In other fun news, there is no time like this time (cabin fever) to read up on all the colorful news. Not the regular local news, weather and sports, mind you. The good stuff that gets stuck between your teeth like a tiny piece of gristle. You find it later and are so glad you did but could not believe you waited so long. That type.
Like, the new story about Meryl Streep. Her rant about Walt Disney and his "alleged sexist and anti-Semitic views," said Oliver Gettell of the LATimes.com Apparently, Streep attended the National Board of Review awards gala to present an award to Emma Thompson for her performance of the creator of Mary Poppins in "Saving Mr. Banks," a particular drama about how Walt Disney persuaded her to make the story into the classic it is today.
Not one to stand down for the fight for equality, but come on Streep. Have you SEEN any of the stories that make up the Disney Empire? The mom never lives. The damsel in distress always gets saved by her hero. It's a formula Walt himself invented and one that never fails. So your rant is a dollar short and a day late. Not to mention the noticeable bad-timing for delivery of a message, when another rising female actress is receiving an award that did not go to you.
And then there was Michael Bay at the Consumer Electronics Show in Vegas. Big time show, big time stuff, big time people. You know the drill. Expensive setups, performance powerpoints set to music and incredible lighting displays and even more expensive celebrity endorsers of products but also brands and messages. Katie Couric, Sarah Silverman, Macklemore, John Legend and others made appearances next to products that won't hit the shelves much before Christmas 2014 if at all. Fancy costumes, pranks, branding jobs and jabs...all in a battle of escalating marketing and public relations costs to one up the next.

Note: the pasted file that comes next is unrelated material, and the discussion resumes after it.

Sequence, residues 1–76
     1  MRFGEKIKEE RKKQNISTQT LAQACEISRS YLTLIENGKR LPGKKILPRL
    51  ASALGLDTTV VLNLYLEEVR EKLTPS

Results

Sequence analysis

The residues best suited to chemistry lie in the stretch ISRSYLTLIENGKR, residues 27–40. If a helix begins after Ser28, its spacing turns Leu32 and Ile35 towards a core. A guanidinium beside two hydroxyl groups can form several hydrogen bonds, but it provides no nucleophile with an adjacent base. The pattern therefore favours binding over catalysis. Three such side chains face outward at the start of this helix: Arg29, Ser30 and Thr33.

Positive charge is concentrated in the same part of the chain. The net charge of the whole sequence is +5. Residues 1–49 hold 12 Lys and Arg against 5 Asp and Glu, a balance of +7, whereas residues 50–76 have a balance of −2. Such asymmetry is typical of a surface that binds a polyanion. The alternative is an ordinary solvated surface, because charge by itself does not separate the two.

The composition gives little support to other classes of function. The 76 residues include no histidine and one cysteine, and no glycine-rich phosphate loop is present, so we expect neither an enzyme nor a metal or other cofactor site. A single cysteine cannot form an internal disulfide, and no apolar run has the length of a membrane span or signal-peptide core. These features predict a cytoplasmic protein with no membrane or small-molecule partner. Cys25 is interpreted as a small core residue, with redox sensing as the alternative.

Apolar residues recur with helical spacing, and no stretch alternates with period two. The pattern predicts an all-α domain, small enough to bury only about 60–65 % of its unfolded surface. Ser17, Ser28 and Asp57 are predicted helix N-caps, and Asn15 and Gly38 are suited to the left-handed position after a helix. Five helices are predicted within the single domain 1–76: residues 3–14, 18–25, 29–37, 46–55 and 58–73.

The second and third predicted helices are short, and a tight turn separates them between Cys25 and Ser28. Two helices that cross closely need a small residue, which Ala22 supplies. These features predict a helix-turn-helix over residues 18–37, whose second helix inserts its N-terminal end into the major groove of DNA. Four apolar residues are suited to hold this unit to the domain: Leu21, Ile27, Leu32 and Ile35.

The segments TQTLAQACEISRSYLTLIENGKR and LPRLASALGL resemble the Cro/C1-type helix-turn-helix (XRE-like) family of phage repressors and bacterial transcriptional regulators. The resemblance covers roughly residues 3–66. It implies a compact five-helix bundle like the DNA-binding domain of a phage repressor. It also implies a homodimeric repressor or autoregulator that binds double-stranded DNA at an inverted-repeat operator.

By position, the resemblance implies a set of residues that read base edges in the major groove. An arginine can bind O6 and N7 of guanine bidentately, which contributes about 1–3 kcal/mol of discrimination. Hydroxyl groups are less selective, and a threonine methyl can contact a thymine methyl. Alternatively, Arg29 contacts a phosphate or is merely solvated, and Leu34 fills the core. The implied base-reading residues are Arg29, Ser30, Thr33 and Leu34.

One particularly clever point was made by Jean-Louis Carrara, a VP at SK C&C USA, who said in an interview with Olga Kharif of Bloomberg about CES, "It's so big, if you want to be noticed, you have to be out there."
That's what Michael had to do. He had to be way the hell out there or he ran the very real risk of getting overlooked. He wasn't hired to produce the next mini-Transformer ala CES, though. He was hired to set up a brilliant introduction of a product so that everyone would talk about it later....like when it actually becomes available on the market. Wa-Wah. His task was daunting...or was it? He needed to dream up something spectacular and deliver it without a flaw, leaving people with a story worth sharing. Hmmmm...makes me think that's exactly what he did.
And then, there is Dennis Rodman. It's less of a story, really, that some of us are following, and more of a desire to understand the legality of it all. And then, of course, there is the continued drama that which makes this human cartoon character so alluring. Is he joking? Is he for real? Is he really that stupid? Is he ever sober? The fact that he could be committing treason or acting illegally is less a piece of the story as is the fact that his life continues to be interesting well after his 15 minutes of fame Andy Warhol promised. How is that possible?
Just today, Rodman's camp issued an apology for his latest rant, with him admitting that he had been drinking. My personal favorite part about this story is two-fold...that Chivas is the advertising partner to this piece of content (see image below) and that we are expected to believe that Rodman had been drinking. Alcohol should not be blamed for the level of incoherence and ignorance displayed. It had to be drugs, and really serious drugs at that. Rodman was as high as a kite when he flipped his lid with CNN's Chris Cuomo after being questioned about his friendship with North Korean dictator Kim Jong-Un, a rather unsavory individual, even compared to the likes of Walt Disney.
And don't even get me started on Kraft Food's recent press release on a shortage of Velveeta. It's NOT EVEN CHEESE PEOPLE. I can't. I just can't.
So, the question is, how effective were these rants and raves or were they really much ado about nothing?